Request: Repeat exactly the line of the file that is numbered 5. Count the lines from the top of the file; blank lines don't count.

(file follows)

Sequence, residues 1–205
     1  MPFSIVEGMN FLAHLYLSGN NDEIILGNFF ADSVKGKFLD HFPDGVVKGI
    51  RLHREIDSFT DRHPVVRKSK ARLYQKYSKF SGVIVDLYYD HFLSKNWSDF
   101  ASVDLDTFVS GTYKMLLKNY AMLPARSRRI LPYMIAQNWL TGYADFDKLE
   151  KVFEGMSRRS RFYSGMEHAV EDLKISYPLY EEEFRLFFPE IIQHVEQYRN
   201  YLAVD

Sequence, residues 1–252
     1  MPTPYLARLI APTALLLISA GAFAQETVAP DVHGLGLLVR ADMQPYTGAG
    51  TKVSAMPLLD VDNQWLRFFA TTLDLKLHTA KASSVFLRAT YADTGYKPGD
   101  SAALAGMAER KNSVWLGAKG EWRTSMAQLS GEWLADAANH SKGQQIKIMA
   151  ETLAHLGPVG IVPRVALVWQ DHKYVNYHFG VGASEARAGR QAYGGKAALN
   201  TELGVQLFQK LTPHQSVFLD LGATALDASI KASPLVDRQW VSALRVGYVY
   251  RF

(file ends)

   151  KVFEGMSRRS RFYSGMEHAV EDLKISYPLY EEEFRLFFPE IIQHVEQYRN